A letter to my mom, 20 years later

A letter to my mom, 20 years later

Dear Mom,

This isn’t a regular day, but I don’t need an anniversary to remind me of how irrevocably my life changed 20 years ago. For years, I could barely function on this anniversary, although I don’t know why it’s called an anniversary. I’d rather not remember that day, and 20 years have certainly helped it fade. The truth is I wasn’t there. I was on the way back, but I felt it even before I knew it, like some seismic shift in my foundation. But you were not alone.

You were never alone. People loved you; your laugh, your wit, your brave honesty. People still love you, and I think of you every day. You are my anchor. You are my constant. You are still the opinion that matters most. For every decision I’ve had to make or obstacle that’s been in my way, your voice is the one I heard inside my head.

I am lucky for this. It’s strange maybe to say lucky. What’s lucky about me, the girl whose family died? Then I think of all the love, grace and drive you gave me, much more than most get in a 100 years. So, yes, I was lucky.

Even though you prepared me well for life and its many disappoints, I have made many mistakes. I’ve fallen into black holes that consumed me for years. I’ve not always done the right thing the first or second time. I know you forgive me. I know you understand why I’ve veered off course. I did the best I could without you. Because that’s the reality of these 20 years, learning to live without you.

I never stopped writing. Without it, I don’t know where all the fear and anger and pain would have gone. It helped me save some of the memories and face the truth. No one likes uncomfortable truths, but because you always faced your truth, it helped me find mine.

And after the horrors of the last 20 years and burning down all the tragedy to ash, I’ve arrived at some kind of happy. Happiness, I’ve learned, is something that nips at our hearts in moments. And I’ve had beautiful moments, the only thing missing was you. I’ve made a life for myself, probably not the one you imagined for me. But it’s a good life with the kind of people that don’t treat me like I’m damaged, rather they see my imperfections as evidence of a good and humble character. This life includes an amazing husband, who I think you’d love because of his sweet, calming soul. Your only objection may be that he’s a Cowboys fan.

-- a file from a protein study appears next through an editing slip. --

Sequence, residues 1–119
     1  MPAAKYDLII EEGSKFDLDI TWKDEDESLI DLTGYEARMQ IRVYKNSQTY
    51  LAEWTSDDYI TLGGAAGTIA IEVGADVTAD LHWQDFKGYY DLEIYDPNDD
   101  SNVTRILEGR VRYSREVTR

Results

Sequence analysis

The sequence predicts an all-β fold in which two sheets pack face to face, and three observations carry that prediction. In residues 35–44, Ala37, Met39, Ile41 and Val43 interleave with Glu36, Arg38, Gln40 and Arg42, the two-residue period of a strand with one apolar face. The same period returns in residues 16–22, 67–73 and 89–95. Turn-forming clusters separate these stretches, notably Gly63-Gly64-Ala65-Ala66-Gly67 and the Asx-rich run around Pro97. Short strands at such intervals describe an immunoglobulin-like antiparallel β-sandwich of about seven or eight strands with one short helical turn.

I do wonder though if you’d be disappointed that I’m not a mom. It just wasn’t in the cards for me. That wasn’t my path. It still hurts sometimes, but I look at the love and devotion I give to my animals. And it’s simply enough for me.

A million horrible and wonderful things have happened in the last 20 years, and for every one of them, you were the first person I wanted to tell. In a way I still do because I’m always talking to you. It’s the greatest language I know.

Your time as my mom helped me survive the life I’ve been living without you. It has given me a unique yet haunting perspective. It has pushed me to know very precisely how I want to leave this world; knowing I shared my stories, I worked hard, I loved fiercely and I took every adventure.

I do still think about what that parallel world would have been; the one where you live; the one where we get to be friends. Because you always told me, “I’m your mother, not your friend.”  I would have loved to have been your friend. All those moments that never happened. I won’t get over that; it can’t be mended. Glad to have finally learned that some scabs never heal, and some holes never get filled.

But I am honored to have been your daughter. It was one of the greatest parts of my life. Even though it wasn’t for long enough, and I would’ve learned so much more from you about life. I’d still choose you over and over again even though I know you’ll leave too soon.

So although this world hasn’t had you for 20 years, I know I never lost you, I carry you in my heart. That’s a place you can never leave.

Love,
Beth

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